driven the enemy, at least 3,000 strong, back to the line of their abatis, in the rear of Schurm's burnt house.
On our extreme right the enemy still maintained their position in the heavy woods about 400 yards in advance of King's School-House and not more than 1,000 yards in advance of our line of rifle pits. Colonel Doles, Fourth Georgia Regiment, supported by Colonel Hill's North Carolina regiment, was ordered to advance, engage the enemy, and, if possible, dislodge him from his advanced position in the woods and drive him back beyond the lines occupied by our pickets in the morning. This order was promptly obeyed by Colonel Doles, who, with his small command,now worn-out and completely exhausted by the fatigue and want of rest on the night before and the constant fight during the whole day, rushed forward and soon found themselves confronted by Sickles' brigade, strongly posted in a thick growth of pines. The fire here for twenty minutes was furious and terrific beyond anything I have ever witnessed. But the gallant Fourth pressed on amid a deadly fire and soon the foe began to fall back.
Seizing the opportune moment a charge was ordered, and our men rushed forward, and at the point of the bayonet drove the enemy in great disorder and confusion through the woods to King's
School-House, where they were temporarily rallied for a few minutes; but another deadly volley from the Fourth Georgia, followed by a dashing charge, and the enemy fled from their position, leaving us masters of the field and in possession of a great number of prisoners, besides most of their killed and a few of their wounded.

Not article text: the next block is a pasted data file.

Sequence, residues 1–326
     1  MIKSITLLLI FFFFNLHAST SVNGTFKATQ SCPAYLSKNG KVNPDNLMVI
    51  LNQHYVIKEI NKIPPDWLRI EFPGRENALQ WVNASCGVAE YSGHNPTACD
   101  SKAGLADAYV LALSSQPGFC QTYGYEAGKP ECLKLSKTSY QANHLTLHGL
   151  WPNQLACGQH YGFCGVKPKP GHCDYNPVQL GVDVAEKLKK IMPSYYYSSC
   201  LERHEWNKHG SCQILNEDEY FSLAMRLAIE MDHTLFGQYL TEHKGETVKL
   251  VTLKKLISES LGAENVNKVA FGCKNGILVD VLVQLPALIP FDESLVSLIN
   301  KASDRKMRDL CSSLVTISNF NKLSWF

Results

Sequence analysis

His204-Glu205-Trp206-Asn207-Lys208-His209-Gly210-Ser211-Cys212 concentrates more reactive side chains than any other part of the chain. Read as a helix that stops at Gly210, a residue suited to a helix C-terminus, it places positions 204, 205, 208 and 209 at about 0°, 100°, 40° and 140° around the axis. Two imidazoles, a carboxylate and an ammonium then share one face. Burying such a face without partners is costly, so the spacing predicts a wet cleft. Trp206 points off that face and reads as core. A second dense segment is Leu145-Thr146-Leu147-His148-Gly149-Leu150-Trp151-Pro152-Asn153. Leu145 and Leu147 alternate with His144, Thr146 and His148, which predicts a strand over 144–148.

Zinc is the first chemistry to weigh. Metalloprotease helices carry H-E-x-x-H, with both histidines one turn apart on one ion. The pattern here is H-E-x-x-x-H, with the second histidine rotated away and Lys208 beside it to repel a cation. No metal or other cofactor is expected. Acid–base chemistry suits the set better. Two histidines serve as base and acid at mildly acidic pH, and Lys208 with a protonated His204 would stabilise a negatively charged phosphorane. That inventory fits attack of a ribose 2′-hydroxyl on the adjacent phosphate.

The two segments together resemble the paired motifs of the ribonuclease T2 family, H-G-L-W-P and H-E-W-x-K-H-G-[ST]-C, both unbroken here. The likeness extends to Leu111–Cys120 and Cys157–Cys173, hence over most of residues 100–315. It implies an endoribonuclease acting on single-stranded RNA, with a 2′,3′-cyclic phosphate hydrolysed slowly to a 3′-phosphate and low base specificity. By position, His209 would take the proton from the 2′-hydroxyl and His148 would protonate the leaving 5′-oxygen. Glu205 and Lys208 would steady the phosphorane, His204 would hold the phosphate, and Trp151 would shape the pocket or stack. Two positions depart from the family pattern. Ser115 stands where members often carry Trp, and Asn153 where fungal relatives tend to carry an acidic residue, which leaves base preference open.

While this last movement was progressing I had ordered the First Louisiana Regiment, now commanded by Captain M. Nolan (Lieutenant-Colonel Shivers having been disabled by a wound in the right arm, received in the morning while charging across the field before alluded to), and the Twenty-second Georgia, supported by Colonel Clarke's and Ramseur's North Carolina troops, to advance and regain the center of our picket line, from which we had been forced to retire by an overwhelming force concentrated against us there about the middle of the day. These regiments, now sadly thinned by their severe losses of the morning, again moved upon in good order, and after a feeble resistance by the enemy again took possession of our old picket lines. The day had now closed and the fight ceased, leaving us masters of the battle-field and in the identical position our pickets occupied when the enemy made at first attack in the morning.
Our troops during the whole day's fight acted with the greatest coolness and courage, and in the morning, when we were more than once compelled to fall back, the movement was always conducted in good order and without the slightest confusion.
The operations of the enemy were conducted by General McClellan in person, and the troops engaged embraced all of Kearny's division and a part of Hooker's, numbering in all not less than 8,000 or 10,000. To oppose this heavy force I had my own brigade, numbering about 2,000 men, and two regiments (Colonels Rutledge's and Hill's) of General Ransom's brigade, about 1,000 men, making my whole force engaged not more than 3,000 men.
The object of the enemy was to drive us back from our picket line, occupy it himself, and thereby enable him to advance his works several hundred yards nearer our lines. In this he completely failed, and although General McClellan at night telegraphed over his own signature to the War Office at Washington that he had accomplished his object, had driven me back for more than a mile, had silenced my batteries